S.Korea raises remaining half of sunken naval ship
The body, identified as petty officer first class Park Sung-kyun, 20, brought to 40 the number of sailors confirmed killed in the March 26 sinking of the 1,200-ton patrol ship Cheonan near the Yellow Sea border with North Korea. Six other sailors are still missing.
Salvage workers found the body in the ship's bow after a crane raised the wreckage from the sea. The wreck was later placed on a barge, and naval rescue workers combed it for other missing sailors as investigators sought clues as to what tore the vessel apart.
Part of the ship's bottom appeared to have been blown off diagonally, suggesting a powerful external shock rocked the vessel. The ship's radar mast was also gone.
The rear half of the ship was pulled from the site last week. After an initial examination of the wreckage, investigators said an unidentified "external explosion" was the most likely cause behind the sinking. That assessment strongly bolstered suspicions of North
Korea's involvement, possibly in a torpedo or sea mine attack.
The site is near where the two Koreas fought bloody skirmishes in 1999, 2002 and last November.
North Korea rejected allegations of its involvement as a fabrication.
Examining both of the broken-off sides of the ship could provide more clues into the disaster.
In an effort to improve the transparency of the probe, South Korea has asked foreign countries to send experts to conduct joint research. Specialists from the United States and Australia have already been working in South Korea, and Sweden and Britain also pledged to send experts.
North Korea's involvement, if confirmed, would deal a serious blow to the already troubled relations between the two divided states and cast a pall over international efforts to reopen long-stalled disarmament talks on Pyongyang's nuclear arms programs.
South Korean President Lee Myung-bak has vowed to discover the cause of the sinking, respond sternly according to the investigation's results, and make South Korea's armed forces stronger, though he cautioned against rushing hastily to a conclusion without clear evidence.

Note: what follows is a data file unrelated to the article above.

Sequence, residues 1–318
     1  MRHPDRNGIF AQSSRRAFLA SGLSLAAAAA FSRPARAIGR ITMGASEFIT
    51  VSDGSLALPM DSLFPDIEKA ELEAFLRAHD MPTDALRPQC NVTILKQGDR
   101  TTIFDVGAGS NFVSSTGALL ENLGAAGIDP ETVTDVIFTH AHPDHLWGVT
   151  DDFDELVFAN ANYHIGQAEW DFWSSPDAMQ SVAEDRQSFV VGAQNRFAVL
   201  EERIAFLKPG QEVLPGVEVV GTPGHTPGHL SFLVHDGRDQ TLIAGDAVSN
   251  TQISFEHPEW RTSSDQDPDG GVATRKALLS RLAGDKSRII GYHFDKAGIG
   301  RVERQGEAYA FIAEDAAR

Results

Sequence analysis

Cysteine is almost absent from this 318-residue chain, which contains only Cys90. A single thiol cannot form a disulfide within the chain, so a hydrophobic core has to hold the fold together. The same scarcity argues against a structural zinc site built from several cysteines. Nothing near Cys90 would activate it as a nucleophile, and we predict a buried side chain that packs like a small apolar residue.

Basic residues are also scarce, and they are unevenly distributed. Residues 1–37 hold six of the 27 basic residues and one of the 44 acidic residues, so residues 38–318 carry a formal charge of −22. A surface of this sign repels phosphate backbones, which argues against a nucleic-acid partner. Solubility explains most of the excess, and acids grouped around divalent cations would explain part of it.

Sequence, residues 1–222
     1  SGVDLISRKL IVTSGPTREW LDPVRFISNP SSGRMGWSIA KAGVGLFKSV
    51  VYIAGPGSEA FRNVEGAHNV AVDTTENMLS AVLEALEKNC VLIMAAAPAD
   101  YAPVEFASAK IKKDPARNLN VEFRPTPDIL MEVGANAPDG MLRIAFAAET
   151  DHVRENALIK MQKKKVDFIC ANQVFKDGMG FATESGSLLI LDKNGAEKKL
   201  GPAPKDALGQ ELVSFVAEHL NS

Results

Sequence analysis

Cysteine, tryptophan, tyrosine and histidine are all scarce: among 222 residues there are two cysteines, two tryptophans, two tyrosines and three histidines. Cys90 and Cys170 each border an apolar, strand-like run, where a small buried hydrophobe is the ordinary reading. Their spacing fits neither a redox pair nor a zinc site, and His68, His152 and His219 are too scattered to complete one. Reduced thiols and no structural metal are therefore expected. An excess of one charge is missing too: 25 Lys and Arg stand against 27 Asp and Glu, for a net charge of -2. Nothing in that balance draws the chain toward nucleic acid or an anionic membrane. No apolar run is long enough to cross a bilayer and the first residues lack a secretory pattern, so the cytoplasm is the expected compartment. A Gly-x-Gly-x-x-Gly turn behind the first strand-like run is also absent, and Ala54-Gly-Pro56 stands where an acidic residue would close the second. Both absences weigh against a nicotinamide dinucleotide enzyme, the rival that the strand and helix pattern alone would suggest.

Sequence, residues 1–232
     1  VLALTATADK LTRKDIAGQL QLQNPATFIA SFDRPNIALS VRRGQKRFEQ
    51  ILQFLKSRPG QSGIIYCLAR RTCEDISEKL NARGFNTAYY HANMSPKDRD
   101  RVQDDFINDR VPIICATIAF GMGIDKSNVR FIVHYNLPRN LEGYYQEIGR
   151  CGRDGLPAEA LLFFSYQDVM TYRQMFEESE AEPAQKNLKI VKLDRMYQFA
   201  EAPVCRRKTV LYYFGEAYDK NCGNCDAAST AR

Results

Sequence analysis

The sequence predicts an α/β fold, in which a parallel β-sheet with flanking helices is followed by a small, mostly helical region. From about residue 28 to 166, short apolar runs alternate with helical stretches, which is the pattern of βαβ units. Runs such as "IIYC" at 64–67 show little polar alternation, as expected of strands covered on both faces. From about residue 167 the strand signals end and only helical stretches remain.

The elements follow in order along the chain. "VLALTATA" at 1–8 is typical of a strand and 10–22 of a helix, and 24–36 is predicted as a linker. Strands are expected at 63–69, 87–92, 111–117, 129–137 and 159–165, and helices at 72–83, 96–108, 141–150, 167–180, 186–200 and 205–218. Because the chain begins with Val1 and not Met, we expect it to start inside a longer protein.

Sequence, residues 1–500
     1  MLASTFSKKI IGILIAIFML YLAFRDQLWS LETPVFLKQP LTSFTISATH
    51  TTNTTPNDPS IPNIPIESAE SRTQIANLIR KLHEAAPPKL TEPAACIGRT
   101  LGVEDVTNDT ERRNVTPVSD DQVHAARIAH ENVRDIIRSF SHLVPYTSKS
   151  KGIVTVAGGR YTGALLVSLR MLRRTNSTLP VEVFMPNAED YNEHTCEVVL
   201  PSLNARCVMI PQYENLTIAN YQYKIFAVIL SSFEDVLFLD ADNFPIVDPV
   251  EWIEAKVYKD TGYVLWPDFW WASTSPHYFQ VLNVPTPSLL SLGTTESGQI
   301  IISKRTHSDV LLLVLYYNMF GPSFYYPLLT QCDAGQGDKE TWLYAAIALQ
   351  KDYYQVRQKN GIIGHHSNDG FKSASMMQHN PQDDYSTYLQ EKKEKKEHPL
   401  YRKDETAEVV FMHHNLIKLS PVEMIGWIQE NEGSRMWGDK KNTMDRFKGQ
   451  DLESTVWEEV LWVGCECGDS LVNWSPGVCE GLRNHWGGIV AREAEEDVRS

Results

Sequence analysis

On Friday, North Korea accused the South of trying to link the regime to the sinking and making the situation on the divided peninsula reach
"such extreme phase that it is at the crossroads of a war or peace."
U.S. Secretary of State Hillary Clinton warned the North against any provocations.
"I hope that there is no talk of war, there is no action or miscalculation that could provoke a response that might lead to conflict,"
Clinton said at a NATO foreign ministers' meeting in Tallinn, Estonia, Friday. "That's not in anyone's interest."
In New York, the U.S. representative for North Korea policy, Stephen Bosworth, said he is still optimistic on the reopening of the North Korea nuclear talks despite the ship sinking.
"As we look ahead today, we of course face a set of uncertainties in the short-term as we await the results of the investigation of the sinking of the South Korean naval vessel," Bosworth told a seminar in New York.
"But looking beyond that I think that there is reason to believe that multilateral engagement remains the essential condition for making progress on greater stability, denuclearization, peace and prosperity on the Korean peninsula," he said. [Yonhap]